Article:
4 Hesitations Teachers Have About Tech Integration

Change is hard. And for many, it can also be scary, whether it involves technology or not. People, as a rule, tend to be creatures of habit, and even those that consider themselves to be forward-thinkers may be among those most hesitant to adopt change.

When it comes to teachers, they’ve invested considerable time in their lessons and projects, have established rubrics, and gathered concrete evidence that lessons have successfully communicated a topic to students. Because of this, they may be more resistant to change than other individuals.

To help overcome this resistance, it’s important to take the time to understand their hesitations. To help, we’ve compiled a short list of some of the most common phrases heard from teachers who are questioning if technology integration is right for their classroom:

  1. Why should I?
    While this question may be delivered in a variety of ways, it’s often fueled out of fear. Sharing the logic behind the need for technology integration, as well as supporting teachers with any necessary professional development, can provide hesitant teachers the nudge they need to take the first steps.

    An easy way to start the conversation on the need for technology integration is by focusing on the importance of ensuring students are college- and career-ready, of which technology plays a critical role. Digital technologies have become commonplace in both college and in the workplace.

    Beyond preparing students for the future, integrating technology has the potential to make teaching practices more effective by enabling educators to reach all students and promote different learning styles. In addition, effective integration can drive student engagement and transform a passive learner into an active learner who is responsible for their own learning and able to think for themselves.

    Regardless of where the discussion may lead, it’s important that school leaders take time to address the “Why should I?” question.
  2. But I've always done it this way...
    As previously mentioned, change can be scary. A while back, we wrote an article on Getting Beyond “In the Past” that shared the insights of Miguel Guhlin, Director of Professional Development for the Texas Computer Education Association (TCEA):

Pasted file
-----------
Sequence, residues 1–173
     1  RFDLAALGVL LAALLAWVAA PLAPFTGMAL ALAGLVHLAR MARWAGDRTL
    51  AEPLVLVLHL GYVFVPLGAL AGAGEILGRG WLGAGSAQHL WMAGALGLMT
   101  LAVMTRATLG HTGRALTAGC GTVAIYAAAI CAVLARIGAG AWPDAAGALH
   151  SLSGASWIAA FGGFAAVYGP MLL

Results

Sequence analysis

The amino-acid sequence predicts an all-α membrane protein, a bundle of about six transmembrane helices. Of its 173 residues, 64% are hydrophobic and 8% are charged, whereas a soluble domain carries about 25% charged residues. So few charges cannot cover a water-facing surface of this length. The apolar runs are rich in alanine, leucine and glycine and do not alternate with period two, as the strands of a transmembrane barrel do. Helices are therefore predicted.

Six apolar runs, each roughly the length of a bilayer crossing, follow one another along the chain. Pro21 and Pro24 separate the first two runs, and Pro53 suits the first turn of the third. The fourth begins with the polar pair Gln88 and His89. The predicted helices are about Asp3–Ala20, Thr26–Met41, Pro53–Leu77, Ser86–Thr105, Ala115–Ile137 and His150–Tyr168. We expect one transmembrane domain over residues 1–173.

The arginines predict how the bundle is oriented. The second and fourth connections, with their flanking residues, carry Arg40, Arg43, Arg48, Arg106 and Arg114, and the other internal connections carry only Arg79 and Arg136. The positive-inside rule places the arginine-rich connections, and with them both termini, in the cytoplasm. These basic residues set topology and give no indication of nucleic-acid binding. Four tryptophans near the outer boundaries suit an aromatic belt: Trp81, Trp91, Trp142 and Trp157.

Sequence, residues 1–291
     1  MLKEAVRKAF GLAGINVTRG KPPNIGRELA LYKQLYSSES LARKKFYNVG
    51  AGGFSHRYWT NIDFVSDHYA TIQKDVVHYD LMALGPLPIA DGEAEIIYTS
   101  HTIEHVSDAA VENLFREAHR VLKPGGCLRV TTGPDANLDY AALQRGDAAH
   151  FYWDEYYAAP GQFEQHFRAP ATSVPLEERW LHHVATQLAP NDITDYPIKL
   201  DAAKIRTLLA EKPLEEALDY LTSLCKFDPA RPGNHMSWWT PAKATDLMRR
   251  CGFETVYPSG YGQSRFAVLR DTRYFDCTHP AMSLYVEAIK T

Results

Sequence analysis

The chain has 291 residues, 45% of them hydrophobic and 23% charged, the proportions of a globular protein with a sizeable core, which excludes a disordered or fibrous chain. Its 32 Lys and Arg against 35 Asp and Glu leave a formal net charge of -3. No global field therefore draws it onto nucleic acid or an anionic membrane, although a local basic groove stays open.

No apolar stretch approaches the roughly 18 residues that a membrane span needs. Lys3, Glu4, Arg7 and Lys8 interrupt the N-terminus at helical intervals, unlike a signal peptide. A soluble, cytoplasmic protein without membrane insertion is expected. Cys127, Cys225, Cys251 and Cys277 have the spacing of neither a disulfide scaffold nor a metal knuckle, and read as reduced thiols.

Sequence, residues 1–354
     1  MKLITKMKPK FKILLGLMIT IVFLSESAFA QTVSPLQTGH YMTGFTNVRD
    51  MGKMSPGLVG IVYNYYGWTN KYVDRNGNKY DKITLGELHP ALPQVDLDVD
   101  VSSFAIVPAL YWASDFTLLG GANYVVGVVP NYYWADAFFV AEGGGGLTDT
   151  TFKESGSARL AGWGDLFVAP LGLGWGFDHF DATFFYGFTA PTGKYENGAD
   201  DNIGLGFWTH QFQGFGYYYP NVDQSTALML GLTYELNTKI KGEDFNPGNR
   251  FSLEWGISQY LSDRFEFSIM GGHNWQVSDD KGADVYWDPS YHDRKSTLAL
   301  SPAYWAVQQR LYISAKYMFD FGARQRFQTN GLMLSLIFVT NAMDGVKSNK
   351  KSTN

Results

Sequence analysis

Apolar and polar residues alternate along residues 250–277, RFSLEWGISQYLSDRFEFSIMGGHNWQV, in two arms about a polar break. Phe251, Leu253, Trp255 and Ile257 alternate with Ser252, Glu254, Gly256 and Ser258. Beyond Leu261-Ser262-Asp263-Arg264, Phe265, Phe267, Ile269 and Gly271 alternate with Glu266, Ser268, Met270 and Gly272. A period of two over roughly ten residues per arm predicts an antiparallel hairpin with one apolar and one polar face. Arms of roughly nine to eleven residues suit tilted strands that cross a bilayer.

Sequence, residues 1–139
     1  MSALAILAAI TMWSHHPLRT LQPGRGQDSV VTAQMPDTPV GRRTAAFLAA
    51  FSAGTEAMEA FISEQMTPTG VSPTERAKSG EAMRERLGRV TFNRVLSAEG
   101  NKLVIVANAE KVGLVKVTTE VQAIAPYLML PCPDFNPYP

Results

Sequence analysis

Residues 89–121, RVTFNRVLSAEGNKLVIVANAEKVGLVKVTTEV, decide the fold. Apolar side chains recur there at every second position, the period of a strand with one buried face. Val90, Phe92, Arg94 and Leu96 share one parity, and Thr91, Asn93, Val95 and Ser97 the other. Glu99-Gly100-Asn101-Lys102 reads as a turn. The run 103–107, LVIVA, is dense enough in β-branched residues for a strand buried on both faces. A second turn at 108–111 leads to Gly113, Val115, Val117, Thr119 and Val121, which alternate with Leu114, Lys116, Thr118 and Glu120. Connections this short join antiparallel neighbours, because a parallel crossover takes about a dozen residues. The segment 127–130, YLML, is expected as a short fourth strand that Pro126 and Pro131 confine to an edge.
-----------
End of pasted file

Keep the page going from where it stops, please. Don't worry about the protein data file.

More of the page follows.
“When I started a new position in a large urban school district, one of the phrases that people were fond of using was, ‘In the past.’ Almost every utterance that meant to forestall change began that way. As if ‘In the past’ would actually have the power to stop impending change.”

    The article went on to share a couple key points from Dan Rockwell (of Leadership Freak blog) regarding four reasons that people cling to the past, namely that people don’t feel heard, need validation, fear the future, and haven’t yet been convinced that the plan laid out leads to a better future. All of Rockwell’s points seem reasonable—and all of them apply just as much to resisting technology and its place in the classroom as change in general.

    If you’re hearing “But I’ve always done it this way…” or “In the past…”, try to set aside the frustration you may feel and hear what teachers might be trying to say: “Help me understand.”

         Related resource: How Do I Deal with Resistance to Change
  3. Don't my students know technology already?
    With the abundance of devices available today, it’s not hard to see where this question is coming from. And, although most students seem to have a basic understanding of technology, knowing how to use an app or device is not the same as knowing how to use it appropriately or effectively. And, while teachers may not feel comfortable with technology enough to make such a distinction, there are resources available to help support their professional learning.